This contract will advertise for bids and is expected to be awarded and start construction in April of 2011.

And then on November 1st, things started popping. The City reports that a citizen called the Street Division maintenance line to say that the tree “appears to have moved during the recent rain/wind storm and is leaning even more than before.”  The tree’s stability and safety needed to be evaluated so City arborist Drew Potocki was called in for another consult.

On that same day, a citizen called Councilman Kevin Faulconer’s office “to protest the removal of the tree.” The City decided to obtain “additional opinions from other arborists”.

This was around the time that local activist Richard Agee contacted the OB Rag to express his concerns about the tree’s potential pending removal.  We posted an article about the tree the next day.  And we have been posting about the Torrey Pine on Long Branch ever since.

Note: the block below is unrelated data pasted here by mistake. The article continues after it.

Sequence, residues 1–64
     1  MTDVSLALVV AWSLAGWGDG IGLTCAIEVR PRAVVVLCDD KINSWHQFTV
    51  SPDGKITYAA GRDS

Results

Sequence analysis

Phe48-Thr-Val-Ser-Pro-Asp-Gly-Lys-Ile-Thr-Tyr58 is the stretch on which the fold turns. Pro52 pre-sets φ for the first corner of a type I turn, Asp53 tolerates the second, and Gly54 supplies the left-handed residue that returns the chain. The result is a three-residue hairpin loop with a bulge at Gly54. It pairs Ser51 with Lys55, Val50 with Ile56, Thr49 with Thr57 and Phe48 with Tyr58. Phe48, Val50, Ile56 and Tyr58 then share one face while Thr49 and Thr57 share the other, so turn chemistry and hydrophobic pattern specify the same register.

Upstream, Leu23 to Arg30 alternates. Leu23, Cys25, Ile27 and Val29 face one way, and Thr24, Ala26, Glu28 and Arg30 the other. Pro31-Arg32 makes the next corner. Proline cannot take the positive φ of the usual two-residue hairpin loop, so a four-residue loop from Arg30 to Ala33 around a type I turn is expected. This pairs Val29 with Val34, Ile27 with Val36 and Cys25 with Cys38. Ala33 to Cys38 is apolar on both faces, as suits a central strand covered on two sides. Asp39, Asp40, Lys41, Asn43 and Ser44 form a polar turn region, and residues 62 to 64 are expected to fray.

The Community Responds

Richard Agee is a local Point Loma and OB activist. He has a proven track-record of saving trees as he was involved big time in saving rows of Palm Trees up on Santa Barbara Street.

He called us and said he believed the City was about to cut down the Torrey Pine on Long Branch. I didn’t believe him at first, but then we saw the giant white “X’s” on it.  The mark of death.

Yet, I couldn’t believe it. I had lived on that very block for over five years until a little over a year ago. I knew it leaned, and yes, the sidewalk was cracked, but that tree wasn’t going anywhere. The only drawback to the tree was its sap, which drips on the vehicles that park below it.  The roof of my PT Cruiser still had markings that never seemed to go away. I didn’t really blame the tree, it’s just a fact of life.  Nature is messy.

Agee sent me the hand-written letter from Stanley Cobb about his dad’s Torrey Pine nursery on the 4600 block of Saratoga which describes the history of OB’s giants, and we reprinted it.

Also, Agee brought my attention to the fact that San Diego Municipal Code protects Torrey Pines.  We as a City treasures them so much that there is a law against their injury or destruction. Here is what it says:

§63.07 Destruction, Injury of Torrey Pines Trees — Prohibited